To prevent this issue? Nothing, it’s been mitigated at the WP layer.

In general however, go through and remove all user input from the $query side of ->prepare(). NEVER pass user input to the query side. Meaning, never do this (in any form):

$where = $wpdb->prepare(" WHERE foo = %s", $_GET['data']);$query = $wpdb->prepare("SELECT * FROM something $where LIMIT %d, %d", 1, 2);

This is known as “double-preparing” and is not a good design.

Also, don’t do this:

$where = "WHERE foo = '" . esc_sql($_GET['data']) . "'";$query = $wpdb->prepare("SELECT * FROM something $where LIMIT %d, %d", 1, 2);

This is also conceptually unsafe.

Instead, build your queries and arguments separately, and then prepare in one shot:

$where = "WHERE foo = %s";$args = [$_GET['data']];$args[] = 1;$args[] = 2;$query = $wpdb->prepare("SELECT * FROM something $where LIMIT %d, %d", $args);

Let’s look at why:

The Original Vulnerability

Many months ago, a vulnerability was reported dealing with how WPDB internally prepares vulnerable code. Let’s talk about the original vulnerability.

To understand it, you need to first understand the internals of WPDB::prepare. Let’s look at the source (before 4.8.2):

public function prepare( $query, $args ) {    if ( is_null( $query ) )        return;    // This is not meant to be foolproof -- but it will catch obviously incorrect usage.    if ( strpos( $query, '%' ) === false ) {        _doing_it_wrong( 'wpdb::prepare', sprintf( __( 'The query argument of %s must have a placeholder.' ), 'wpdb::prepare()' ), '3.9.0' );    }    $args = func_get_args();    array_shift( $args );    // If args were passed as an array (as in vsprintf), move them up    if ( isset( $args[0] ) && is_array($args[0]) )        $args = $args[0];    $query = str_replace( "'%s'", '%s', $query ); // in case someone mistakenly already singlequoted it    $query = str_replace( '"%s"', '%s', $query ); // doublequote unquoting    $query = preg_replace( '|(?<!%)%f|' , '%F', $query ); // Force floats to be locale unaware    $query = preg_replace( '|(?<!%)%s|', "'%s'", $query ); // quote the strings, avoiding escaped strings like %%s    array_walk( $args, array( $this, 'escape_by_ref' ) );    return @vsprintf( $query, $args );}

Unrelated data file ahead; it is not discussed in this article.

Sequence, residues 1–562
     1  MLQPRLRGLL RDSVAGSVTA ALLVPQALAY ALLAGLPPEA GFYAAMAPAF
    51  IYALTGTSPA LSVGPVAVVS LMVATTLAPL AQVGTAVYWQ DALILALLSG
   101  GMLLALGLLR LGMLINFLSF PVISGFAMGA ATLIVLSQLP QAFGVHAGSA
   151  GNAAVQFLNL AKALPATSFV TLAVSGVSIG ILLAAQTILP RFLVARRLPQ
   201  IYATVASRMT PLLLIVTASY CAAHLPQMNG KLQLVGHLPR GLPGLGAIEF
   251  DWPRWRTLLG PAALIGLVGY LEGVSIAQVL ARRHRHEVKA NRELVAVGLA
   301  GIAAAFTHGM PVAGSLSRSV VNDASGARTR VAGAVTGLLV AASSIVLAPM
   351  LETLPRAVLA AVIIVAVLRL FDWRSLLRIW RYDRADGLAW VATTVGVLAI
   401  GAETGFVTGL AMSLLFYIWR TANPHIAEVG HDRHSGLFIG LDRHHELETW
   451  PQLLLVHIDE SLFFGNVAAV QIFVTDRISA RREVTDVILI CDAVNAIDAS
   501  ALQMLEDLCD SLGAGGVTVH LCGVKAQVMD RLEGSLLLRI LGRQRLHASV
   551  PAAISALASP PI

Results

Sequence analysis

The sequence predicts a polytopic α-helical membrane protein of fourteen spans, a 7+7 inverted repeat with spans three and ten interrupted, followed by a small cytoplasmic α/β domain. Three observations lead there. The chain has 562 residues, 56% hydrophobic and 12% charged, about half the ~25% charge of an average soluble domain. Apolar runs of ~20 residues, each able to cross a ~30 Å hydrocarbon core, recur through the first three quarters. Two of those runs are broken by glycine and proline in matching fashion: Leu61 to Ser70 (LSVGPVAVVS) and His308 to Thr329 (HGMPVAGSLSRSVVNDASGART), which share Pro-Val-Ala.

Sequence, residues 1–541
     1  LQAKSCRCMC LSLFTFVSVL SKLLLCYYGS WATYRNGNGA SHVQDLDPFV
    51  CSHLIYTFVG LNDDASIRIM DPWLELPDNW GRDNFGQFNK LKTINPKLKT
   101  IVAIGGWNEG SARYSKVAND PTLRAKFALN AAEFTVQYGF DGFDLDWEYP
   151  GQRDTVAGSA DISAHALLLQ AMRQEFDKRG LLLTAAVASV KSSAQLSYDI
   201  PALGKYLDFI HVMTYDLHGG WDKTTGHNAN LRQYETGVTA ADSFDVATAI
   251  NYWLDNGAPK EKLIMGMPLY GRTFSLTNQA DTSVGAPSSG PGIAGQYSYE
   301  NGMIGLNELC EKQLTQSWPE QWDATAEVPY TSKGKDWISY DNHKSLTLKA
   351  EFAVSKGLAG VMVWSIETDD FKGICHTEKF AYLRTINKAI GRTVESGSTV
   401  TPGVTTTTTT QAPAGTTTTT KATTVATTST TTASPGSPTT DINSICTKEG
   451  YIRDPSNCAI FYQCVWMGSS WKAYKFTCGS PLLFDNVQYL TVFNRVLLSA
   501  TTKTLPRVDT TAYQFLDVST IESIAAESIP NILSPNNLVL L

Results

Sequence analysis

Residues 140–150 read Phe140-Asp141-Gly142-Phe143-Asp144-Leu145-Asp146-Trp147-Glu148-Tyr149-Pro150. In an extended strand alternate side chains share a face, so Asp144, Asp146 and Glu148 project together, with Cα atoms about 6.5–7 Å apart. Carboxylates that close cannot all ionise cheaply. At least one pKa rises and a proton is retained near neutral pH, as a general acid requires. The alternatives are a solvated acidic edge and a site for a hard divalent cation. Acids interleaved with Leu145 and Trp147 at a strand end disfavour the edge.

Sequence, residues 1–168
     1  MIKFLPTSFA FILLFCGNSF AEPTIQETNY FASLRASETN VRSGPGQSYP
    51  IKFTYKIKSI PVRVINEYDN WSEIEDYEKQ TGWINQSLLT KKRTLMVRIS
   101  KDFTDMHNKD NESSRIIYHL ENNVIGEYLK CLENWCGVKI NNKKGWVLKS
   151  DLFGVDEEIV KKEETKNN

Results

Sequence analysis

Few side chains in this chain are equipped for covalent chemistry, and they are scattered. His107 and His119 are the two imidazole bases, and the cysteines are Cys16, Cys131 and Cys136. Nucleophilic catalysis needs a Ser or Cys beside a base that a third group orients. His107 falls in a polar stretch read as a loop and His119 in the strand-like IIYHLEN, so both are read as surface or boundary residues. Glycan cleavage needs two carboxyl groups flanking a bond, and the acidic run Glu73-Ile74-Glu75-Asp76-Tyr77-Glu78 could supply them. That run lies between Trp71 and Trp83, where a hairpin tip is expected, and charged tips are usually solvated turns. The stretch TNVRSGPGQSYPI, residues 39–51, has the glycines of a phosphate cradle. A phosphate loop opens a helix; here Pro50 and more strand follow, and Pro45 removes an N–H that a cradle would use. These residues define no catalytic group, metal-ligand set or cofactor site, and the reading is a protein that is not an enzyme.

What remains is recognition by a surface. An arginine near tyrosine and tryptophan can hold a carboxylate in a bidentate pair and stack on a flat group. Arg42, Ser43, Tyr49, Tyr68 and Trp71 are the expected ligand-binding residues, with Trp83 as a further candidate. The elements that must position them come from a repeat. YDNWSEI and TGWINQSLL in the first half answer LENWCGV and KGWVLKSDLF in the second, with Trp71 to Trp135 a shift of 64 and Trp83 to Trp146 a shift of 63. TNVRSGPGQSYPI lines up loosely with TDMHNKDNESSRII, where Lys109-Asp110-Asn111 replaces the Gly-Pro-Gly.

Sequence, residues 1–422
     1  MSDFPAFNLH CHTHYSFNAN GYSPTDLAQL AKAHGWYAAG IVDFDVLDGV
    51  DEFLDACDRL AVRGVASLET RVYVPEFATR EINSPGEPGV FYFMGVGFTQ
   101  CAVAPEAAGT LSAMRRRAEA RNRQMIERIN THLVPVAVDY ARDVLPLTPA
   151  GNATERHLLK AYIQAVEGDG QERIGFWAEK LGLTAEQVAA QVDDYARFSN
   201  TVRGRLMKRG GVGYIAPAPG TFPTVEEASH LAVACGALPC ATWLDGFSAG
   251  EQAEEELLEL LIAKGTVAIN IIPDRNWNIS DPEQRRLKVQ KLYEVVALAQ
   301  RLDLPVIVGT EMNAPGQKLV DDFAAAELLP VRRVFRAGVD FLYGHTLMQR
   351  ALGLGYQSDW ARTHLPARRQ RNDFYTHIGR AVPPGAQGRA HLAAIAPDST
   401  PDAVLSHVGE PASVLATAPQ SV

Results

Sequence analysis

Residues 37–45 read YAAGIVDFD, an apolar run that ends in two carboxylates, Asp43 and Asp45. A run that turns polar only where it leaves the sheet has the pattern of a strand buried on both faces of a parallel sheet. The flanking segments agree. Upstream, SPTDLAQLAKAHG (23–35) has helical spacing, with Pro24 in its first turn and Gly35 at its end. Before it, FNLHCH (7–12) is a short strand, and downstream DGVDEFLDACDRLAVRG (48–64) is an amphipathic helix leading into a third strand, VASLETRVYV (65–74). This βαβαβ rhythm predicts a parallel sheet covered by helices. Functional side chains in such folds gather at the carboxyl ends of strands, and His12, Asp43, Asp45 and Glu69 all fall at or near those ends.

Notice three things. First, it uses vsprintf (which is basically identical to sprintf) to replace placeholders with values. Second, it uses str_replace to quote placeholders properly (even unquoting first to prevent double quotes). Third, if passed a single argument and that argument is an array, then it will replace the arguments with the value of that array. Meaning that calling $wpdb->prepare($sql, [1, 2]) is identical to calling $wpdb->prepare($sql, 1, 2). This will be important later.